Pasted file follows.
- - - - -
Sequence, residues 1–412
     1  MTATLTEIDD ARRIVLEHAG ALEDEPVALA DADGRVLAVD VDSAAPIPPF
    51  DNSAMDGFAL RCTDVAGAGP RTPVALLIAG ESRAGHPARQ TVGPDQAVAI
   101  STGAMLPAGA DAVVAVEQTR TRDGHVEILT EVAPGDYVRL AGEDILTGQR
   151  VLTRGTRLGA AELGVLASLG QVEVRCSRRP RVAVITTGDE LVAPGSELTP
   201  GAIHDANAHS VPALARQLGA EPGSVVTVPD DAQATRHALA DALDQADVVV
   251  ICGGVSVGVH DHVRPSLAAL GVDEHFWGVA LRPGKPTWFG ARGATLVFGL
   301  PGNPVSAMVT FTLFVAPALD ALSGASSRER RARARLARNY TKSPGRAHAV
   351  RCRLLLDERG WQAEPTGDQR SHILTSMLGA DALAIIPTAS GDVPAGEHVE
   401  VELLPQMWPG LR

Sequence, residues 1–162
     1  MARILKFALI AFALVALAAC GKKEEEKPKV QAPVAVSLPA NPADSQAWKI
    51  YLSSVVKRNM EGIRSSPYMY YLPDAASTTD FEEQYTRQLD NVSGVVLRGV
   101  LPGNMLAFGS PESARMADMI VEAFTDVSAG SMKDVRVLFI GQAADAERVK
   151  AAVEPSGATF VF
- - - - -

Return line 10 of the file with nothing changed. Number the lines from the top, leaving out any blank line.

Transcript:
   401  VELLPQMWPG LR